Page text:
The end of the year is hardly the time of sunshine and blue skies to spend a few days in a tropical paradise. After all, the monsoon rains make it nearly impossible to frolic around the beach, much less head out for an afternoon of watersports.
Yet The Datai Langkawi, a sprawling 500-hectare property in the northern Malaysian island of Langkawi in the state of Kedah will have you thinking twice about what paradise truly means. Indeed, thinking of beachfront escapes conjures notions of bronzing on the sundeck, as you sip on the fresh nectar of a voluptuous green coconut.
Here’s a look inside the luxurious Datai Langkawi
But at The Datai, it also means being able to disappear into the warm bosom of a cosily lit wooden cabin set in a 10 million year old rainforest. It means you get to listen to the symphony of the rainforest — a melodic chorus of birds, chirping cicadas, and the odd mating call of the critters that call it home. Most importantly, it means you get to disconnect from the world to connect with the earth — from listening to the soft pitter patter of raindrops on the roof to getting a massage next to a babbling brook.
There is more to paradise than the beach, and The Datai Langkawi is a stellar example.
Room options at The Datai
For starters, guests need not worry about getting drenched while staying in one of the 121 rooms, villas and suites. This is thanks to the property’s armada of electric buggies that will zip you around its vast grounds — though going on foot is the best way to take in the magnificent beauty that’s around you.
The accommodation options at The Datai Langkawi is divided into three collections: The Canopy Collection, the Rainforest Collection, and The Beach Collection. The Canopy Collection starts from the Deluxe Room, going up to The Datai Suite and is housed in a multi-storey building. The Rainforest Collection comprises standalone villas nestled in the jungles while the Beach Collection is a string of villas, each with its own pool, that gets you as close to the beach as possible.
We stayed at the Rainforest Villa, a 123 square-metre standalone raised on stilts, that’s in actuality, large enough to be the size of an entire city apartment. A handsome king-sized bed dressed in Egyptian cotton backed by a window sits on one side while a bookshelf stocked with relevant reads on local traditions, architecture, and culture sits on the other.
Those on a work-travel arrangement (or secretly abroad while working remotely — we don’t judge) will be glad to know that there are two desks from which you and/or your companion can work in peace.
The bathroom is massive and well-appointed with separate areas for the toilet and standing shower. A large tub equipped with candles is situated at one end, just next to the blinds with a view of the outdoors.
Feeling like you need some fresh air? There’s an outdoor balcony that’s perfect to savour a coffee by way of the luxurious Cafe Richard capsules included in the room.
A serious dining destination
Regardless of your room choice, there is always one thing about a stay here to look forward to: breakfast. Sure, having a set of abs would be nice to flaunt at the beach, but for the rest of us, lifting plates of food is as important as lifting plates at the gym.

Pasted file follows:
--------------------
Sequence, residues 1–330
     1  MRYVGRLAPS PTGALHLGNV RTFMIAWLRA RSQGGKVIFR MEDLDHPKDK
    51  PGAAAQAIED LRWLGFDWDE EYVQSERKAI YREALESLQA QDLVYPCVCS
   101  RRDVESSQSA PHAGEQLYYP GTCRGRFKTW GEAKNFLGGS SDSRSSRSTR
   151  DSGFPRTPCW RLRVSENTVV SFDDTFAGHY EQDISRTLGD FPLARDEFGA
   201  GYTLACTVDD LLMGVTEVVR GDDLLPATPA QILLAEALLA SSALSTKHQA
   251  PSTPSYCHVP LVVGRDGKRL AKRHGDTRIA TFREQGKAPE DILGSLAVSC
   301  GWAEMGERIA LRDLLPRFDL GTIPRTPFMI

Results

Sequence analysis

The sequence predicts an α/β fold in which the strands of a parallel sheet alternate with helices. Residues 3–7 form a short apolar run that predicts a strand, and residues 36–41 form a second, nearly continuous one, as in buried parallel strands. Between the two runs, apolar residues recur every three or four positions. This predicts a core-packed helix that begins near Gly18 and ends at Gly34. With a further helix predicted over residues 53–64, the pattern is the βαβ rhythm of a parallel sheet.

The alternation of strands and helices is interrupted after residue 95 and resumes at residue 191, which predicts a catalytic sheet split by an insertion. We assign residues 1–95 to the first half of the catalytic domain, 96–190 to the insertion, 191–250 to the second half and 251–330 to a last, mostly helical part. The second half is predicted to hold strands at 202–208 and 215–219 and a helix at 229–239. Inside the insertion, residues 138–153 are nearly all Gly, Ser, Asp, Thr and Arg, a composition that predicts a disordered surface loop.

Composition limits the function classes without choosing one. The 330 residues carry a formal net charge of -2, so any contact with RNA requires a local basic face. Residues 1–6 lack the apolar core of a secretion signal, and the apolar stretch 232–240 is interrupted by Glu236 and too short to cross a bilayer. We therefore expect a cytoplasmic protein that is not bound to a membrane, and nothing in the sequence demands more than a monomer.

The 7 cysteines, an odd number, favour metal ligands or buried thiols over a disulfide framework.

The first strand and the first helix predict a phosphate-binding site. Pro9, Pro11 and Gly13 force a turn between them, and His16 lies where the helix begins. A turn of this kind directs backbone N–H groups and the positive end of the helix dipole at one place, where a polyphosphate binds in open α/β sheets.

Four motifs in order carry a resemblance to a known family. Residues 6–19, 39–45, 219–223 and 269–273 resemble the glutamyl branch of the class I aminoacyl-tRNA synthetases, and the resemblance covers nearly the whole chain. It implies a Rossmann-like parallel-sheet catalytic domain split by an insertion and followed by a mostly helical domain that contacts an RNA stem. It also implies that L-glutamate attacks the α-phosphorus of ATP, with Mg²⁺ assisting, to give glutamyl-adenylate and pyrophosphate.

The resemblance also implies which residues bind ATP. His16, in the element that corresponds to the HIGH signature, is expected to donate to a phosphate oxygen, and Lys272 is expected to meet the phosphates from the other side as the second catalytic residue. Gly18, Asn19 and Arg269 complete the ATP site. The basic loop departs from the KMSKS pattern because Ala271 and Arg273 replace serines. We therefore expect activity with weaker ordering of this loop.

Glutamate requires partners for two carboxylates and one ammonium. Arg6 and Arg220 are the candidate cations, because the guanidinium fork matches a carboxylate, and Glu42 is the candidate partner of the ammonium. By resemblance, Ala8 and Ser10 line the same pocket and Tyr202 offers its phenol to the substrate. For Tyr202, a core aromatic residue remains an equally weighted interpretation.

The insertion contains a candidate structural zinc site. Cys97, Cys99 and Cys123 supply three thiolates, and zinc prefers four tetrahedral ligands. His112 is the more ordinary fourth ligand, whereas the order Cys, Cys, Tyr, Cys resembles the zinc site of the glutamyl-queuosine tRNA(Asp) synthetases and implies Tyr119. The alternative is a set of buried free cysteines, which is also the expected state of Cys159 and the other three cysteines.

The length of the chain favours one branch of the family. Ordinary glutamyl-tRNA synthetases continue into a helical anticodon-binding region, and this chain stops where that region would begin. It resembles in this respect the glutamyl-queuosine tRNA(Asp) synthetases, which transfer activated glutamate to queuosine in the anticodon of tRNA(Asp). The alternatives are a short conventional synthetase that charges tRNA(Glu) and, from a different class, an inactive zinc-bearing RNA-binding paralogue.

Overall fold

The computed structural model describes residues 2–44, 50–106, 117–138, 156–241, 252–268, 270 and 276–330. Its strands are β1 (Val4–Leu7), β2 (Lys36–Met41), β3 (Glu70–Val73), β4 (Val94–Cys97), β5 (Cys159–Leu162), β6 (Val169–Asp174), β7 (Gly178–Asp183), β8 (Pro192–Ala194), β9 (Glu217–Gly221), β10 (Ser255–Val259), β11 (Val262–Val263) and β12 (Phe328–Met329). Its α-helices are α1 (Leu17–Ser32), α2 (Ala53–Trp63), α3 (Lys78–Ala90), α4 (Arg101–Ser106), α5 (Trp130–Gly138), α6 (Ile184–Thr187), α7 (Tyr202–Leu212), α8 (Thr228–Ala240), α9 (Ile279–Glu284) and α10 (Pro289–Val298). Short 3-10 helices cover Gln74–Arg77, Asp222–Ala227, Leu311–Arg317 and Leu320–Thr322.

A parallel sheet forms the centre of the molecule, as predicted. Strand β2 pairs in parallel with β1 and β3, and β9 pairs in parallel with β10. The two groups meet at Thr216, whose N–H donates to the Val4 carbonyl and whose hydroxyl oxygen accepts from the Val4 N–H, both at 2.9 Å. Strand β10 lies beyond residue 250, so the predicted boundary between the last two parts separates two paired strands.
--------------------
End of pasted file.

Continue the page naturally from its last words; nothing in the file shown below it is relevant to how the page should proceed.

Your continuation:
Every morning, the staff would bustle about The Dining Room to prepare a breakfast as lavish as a king’s banquet. For not only is there the standard egg station, there is also an a la minute station complete with a chef whipping up a rotation of Malaysian favourites like roti canai and roti jala.
The true gourmands amongst you will delight in rarer dishes like the nasi ulam, which was available on that one fateful Friday morning. Otherwise, take comfort in the viennoiseries and modest selection of cakes. The croissants and pain au chocolats — when savoured fresh — are as good, or even better than many Paris boulangeries, and the pandan cake is simply unforgettable.
Pro-tip: Don’t dismiss the eggless kaya spread; it’s better than many versions we’ve tried and tastes phenomenal when lathered on a croissant.
As we discovered, gastronomy is taken extremely seriously at The Datai. So serious in fact, that the property plays host to some of Malaysia’s most important dining events, the most recent of which is the launch of the Kita Food Festival. Perhaps it is the staggering beauty of the property, or its commitment to food culture as a whole, but The Datai has the pulling power to draw some of Malaysia’s and the region’s best chefs.
When we visited, Chef Darren Teoh from Dewakan — Malaysia’s sole representative on Asia’s 50 Best Restaurants list was whipping up a culinary storm with Prateek Sadhu, the chef who propelled Masque in Mumbai into global consciousness. The duo join hands with The Datai’s senior chef de cuisine Chai Chun Boon for a six hands dinner with a thoughtful menu that showcased a curation of their best dishes, as well as a range of workshops and one off dinners.
Come lunchtime, head to the Beach Club and Bar to dine with a view of the Andaman Sea. The menu here is extensive, with plenty of healthy options. The seafood is extremely fresh, which is extremely evident when we ordered the sashimi. Sure these are not Japanese nor even cold climate fish — which means they’re leaner than the varieties found in upscale sushi restaurants. Yet having tropical fish in this raw manner, with a dollop of freshly grated wasabi on the side is the surest way to taste the purity of Langkawi’s marine produce.
By night, guests can choose between two traditional restaurants: Thai, by way of The Pavillion, or Malay at The Gulai House.
It might seem odd to dine in a Thai restaurant while in Malaysia but Langkawi sits at the water’s edge of The Malay Peninsula and borders its Thai neighbours. In fact, if one were to gaze across the rippling sea from The Beach Club, the Thai island of Ko Tarutao is purely visible — its sandy beaches are a mere 10 km north of Langkawi.